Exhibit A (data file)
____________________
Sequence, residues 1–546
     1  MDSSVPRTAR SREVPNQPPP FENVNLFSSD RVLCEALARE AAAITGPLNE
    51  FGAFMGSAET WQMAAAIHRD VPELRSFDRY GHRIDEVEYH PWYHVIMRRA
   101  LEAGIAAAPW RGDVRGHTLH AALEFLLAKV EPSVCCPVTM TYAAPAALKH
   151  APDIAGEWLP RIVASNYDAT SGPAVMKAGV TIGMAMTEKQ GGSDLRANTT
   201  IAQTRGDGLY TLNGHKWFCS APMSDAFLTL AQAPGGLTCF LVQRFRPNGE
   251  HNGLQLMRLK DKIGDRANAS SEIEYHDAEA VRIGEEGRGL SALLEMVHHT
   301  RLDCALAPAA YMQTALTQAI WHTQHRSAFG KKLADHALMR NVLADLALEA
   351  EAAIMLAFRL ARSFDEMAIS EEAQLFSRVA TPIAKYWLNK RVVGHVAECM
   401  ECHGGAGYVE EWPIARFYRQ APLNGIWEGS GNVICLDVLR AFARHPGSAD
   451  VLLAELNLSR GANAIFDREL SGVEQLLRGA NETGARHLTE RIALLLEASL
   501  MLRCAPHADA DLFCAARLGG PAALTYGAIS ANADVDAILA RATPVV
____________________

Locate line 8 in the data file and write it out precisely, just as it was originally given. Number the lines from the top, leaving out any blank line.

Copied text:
   301  RLDCALAPAA YMQTALTQAI WHTQHRSAFG KKLADHALMR NVLADLALEA